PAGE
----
Being an antique auto historian and appraiser is the greatest job I've ever had. I get to drive all sorts of cars that I've admired from afar, but never actually had a chance to drive before.
I've always gotten a kick out of the little, economical Crosley cars built between 1939 and 1952.
Cincinnati industrialist Powel Crosley Jr., made his fortune in radios and appliances. By the late 1930s, he owned both the Crosley Broadcasting Corp. and the Cincinnati Reds baseball team.
His ambitious plan was to build a small, inexpensive and economical car here in the States. In May 1939, the new company showed its first car at the Indianapolis Speedway: a 4-place convertible that weighed in at less than 1,000 pounds, and sold for $250.
Enlisting the assistance of his brother Lewis, an engineer, Crosley developed assembly plants in both Richmond and Marion, Indiana. He offered sedans, convertibles and a station wagon too. Over 14 years, Crosley sold 24,871 of these little cars.
Crosleys quickly became the gas mileage champs of their day. In the days before EPA gas-mileage ratings -- heck, in the days before protection of the environment was even a concept -- the Mobilgas Economy Run was the gold standard for comparing fuel efficiency among cars.
The Mobilgas Run was an on-the-road competition between Los Angeles and the Grand Canyon that tested the gas mileage of cars under the typical driving conditions encountered by average motorists -- a far cry from today's EPA tests, which use a standard test cycle on a "rolling road" dynamometer in a laboratory.
In the 1951 Mobilgas run, Crosley posted fuel economy of 35 to 50 mpg, at least twice the gas mileage of most other American cars.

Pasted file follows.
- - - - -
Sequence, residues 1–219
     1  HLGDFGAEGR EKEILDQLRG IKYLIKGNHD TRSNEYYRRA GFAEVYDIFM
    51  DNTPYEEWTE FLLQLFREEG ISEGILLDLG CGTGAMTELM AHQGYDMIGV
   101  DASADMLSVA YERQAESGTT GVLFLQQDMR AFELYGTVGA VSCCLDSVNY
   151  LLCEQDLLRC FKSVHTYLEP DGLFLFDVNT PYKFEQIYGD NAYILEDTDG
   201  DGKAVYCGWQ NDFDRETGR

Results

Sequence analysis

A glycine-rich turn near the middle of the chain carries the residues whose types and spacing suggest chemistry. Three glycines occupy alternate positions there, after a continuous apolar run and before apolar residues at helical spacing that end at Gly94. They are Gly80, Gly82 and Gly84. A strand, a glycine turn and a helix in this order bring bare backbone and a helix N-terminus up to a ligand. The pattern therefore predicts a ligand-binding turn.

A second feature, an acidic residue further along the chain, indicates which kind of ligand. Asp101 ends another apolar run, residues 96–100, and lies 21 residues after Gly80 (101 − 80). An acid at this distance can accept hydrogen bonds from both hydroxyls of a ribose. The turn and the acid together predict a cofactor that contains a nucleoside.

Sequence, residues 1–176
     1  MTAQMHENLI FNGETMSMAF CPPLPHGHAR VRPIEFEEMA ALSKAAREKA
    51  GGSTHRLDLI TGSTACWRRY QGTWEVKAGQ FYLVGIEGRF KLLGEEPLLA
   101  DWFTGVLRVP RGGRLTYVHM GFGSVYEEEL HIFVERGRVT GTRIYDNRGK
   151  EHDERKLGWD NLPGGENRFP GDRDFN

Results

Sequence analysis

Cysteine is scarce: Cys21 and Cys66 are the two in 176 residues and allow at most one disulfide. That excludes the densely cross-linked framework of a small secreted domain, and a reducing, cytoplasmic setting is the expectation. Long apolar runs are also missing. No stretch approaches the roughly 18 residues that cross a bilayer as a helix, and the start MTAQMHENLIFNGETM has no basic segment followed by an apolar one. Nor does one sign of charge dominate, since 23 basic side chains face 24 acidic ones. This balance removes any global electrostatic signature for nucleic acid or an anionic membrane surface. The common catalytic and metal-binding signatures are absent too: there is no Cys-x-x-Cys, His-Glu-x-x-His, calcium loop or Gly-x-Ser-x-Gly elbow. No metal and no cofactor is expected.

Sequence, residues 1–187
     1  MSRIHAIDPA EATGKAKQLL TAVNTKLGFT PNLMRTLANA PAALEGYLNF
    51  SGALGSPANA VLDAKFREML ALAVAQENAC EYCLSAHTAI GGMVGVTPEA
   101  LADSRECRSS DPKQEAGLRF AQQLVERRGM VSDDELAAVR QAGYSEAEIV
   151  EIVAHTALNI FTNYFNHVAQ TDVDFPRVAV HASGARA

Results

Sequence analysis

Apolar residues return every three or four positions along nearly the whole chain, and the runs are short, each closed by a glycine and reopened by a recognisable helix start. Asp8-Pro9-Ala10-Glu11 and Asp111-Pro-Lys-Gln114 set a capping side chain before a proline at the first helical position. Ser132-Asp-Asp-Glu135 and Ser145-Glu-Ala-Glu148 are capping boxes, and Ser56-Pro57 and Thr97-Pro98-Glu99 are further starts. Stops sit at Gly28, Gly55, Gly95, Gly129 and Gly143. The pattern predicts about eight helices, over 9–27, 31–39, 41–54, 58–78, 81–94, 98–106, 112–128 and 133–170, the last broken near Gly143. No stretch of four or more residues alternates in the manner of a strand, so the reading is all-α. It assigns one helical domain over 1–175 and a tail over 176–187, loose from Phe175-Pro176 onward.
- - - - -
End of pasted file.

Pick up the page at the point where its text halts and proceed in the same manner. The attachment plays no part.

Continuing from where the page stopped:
I recently got a chance to drive a 1951 Crosley wagon for a client in Wisconsin, who had found the car for sale at Chequered Flag International in Marina del Rey, California.
Little is known about the car's history, but it appears to be a fairly original car that was restored "as needed" over the years. It is very solid original condition with a nice (but not Concours quality) paint job, a new interior and sorted mechanicals.
The original blue paint is still there in the interior, under the hood, and behind the upholstery panels and carpets--although my memory has the original cars fitted with more Spartan rubber mats.
Because this wagon is the upmarket Super model, it features a few whimsical touches. The little car has a luxury-car-sized hood ornament, along with a little propeller that rides proudly on the bullet-like central grille element.
Sliding behind the wheel, it amazes me how much room this little car has inside. My only concern was that there was barely enough room between the fully extended clutch pedal and the steering wheel for my leg. But an owner could remedy that by moving the seat back a few inches to change the angle of attack.
Turn the key, press the button, and and the little car clatters to life. The manual choke needs to be pulled out for the first few minutes, until the little 750cc overhead-cam engine warms up and quiets down.